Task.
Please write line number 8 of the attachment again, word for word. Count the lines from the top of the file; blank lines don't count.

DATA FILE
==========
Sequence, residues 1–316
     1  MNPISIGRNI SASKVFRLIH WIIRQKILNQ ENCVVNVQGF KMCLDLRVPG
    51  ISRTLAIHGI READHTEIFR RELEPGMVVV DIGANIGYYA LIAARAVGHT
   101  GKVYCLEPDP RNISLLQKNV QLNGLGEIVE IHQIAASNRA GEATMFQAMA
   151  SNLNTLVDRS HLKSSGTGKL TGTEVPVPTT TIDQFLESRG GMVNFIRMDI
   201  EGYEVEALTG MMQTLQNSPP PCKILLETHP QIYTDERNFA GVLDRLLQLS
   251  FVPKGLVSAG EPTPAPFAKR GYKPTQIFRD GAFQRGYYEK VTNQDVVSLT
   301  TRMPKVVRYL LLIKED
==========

   301  TRMPKVVRYL LLIKED